What do you think of management consultants?

13 replies
Self explanatory question.



Ever since I've heard of them, I've been very skeptical of management consulting. Mainly because the various management textbooks strike me as obvious advice.



I think most of us are also familiar with horror stories surrounding them. Mine was a buddy who was "yellow" 6 sigma certified: it cost 20 k for the organization to certify him alongside a few others, but the lessons themselves turned out to be rather basic A/B testing and high school statistics.



But I've been thinking:

-It is the basis of modern corporate culture.
I also notice that most book that target middle to upper management (even semi-technical books e.g. about data mining) seem to be written in the same corporate style.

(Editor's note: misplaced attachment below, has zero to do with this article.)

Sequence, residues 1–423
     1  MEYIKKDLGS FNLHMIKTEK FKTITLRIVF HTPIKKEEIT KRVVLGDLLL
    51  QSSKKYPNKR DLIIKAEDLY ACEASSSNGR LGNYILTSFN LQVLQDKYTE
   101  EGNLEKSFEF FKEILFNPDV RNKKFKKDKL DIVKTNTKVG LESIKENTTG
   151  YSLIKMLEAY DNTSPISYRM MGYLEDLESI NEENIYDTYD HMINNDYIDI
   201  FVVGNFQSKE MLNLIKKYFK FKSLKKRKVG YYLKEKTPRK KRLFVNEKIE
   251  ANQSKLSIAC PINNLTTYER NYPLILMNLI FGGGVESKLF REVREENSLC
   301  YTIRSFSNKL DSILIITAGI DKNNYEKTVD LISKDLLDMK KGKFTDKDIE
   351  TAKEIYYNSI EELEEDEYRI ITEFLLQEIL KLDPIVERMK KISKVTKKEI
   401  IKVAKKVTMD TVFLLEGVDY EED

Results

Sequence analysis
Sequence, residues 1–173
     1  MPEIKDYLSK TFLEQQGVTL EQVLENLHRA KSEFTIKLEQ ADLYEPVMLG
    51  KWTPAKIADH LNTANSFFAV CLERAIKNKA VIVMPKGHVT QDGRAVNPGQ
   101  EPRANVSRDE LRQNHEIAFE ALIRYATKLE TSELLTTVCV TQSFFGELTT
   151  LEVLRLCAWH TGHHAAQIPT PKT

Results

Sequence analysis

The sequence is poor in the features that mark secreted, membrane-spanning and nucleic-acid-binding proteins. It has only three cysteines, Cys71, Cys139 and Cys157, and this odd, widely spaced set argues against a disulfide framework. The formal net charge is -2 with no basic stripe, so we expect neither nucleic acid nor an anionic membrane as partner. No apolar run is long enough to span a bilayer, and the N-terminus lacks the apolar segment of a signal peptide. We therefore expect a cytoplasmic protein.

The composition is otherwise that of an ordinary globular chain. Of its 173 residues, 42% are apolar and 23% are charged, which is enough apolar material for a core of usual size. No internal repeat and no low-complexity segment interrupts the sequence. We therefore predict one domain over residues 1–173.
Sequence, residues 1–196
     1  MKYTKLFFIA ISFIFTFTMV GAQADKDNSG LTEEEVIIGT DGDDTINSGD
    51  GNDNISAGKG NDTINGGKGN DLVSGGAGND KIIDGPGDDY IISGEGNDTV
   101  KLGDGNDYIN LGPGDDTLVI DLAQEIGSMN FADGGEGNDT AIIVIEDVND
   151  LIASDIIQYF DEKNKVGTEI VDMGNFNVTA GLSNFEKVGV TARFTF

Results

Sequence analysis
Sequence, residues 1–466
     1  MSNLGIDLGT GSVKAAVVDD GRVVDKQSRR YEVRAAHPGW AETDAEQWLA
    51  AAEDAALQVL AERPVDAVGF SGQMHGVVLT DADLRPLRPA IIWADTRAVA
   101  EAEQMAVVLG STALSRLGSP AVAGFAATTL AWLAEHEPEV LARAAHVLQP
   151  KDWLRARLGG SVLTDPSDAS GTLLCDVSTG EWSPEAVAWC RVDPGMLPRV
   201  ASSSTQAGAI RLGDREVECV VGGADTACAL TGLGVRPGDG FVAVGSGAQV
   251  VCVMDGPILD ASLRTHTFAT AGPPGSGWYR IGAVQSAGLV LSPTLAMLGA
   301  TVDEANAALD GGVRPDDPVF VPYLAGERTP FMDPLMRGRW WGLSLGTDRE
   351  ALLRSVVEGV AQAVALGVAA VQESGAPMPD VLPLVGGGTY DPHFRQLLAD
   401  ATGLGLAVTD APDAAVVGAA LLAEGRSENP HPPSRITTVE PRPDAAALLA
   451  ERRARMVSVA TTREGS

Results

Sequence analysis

-I dug a little bit deeper, there's more overlap with statistics and engineering then popular perception would suggest. Most early adopters seemed to have been engineers or statisticians.



-While it's true there success rate of a management consulting project is not very high IIRC and to be fair to them, project failure is about on par with failure of large IT projects.


So I wonder if there's more to it then meets the eye.

Thoughts?
#consultants #management
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  • Profile picture of the author JPs copy
    Anytime I've seen "Lean Sigma Six" posted anywhere, my eyes roll into the back of my head.

    It costs $20K to get certified?? Geez. Yeah, it doesn't appear like there's much to that certification.
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  • Profile picture of the author Frank Donovan
    In my pre-internet experience of the corporate world there were two main reasons why businesses would hire a consultant: 1) It was a means of distancing the "decision makers" from any potential negative outcome - a CYA approach, and 2) It was a way of being seen to do something when they had no idea what to do themselves.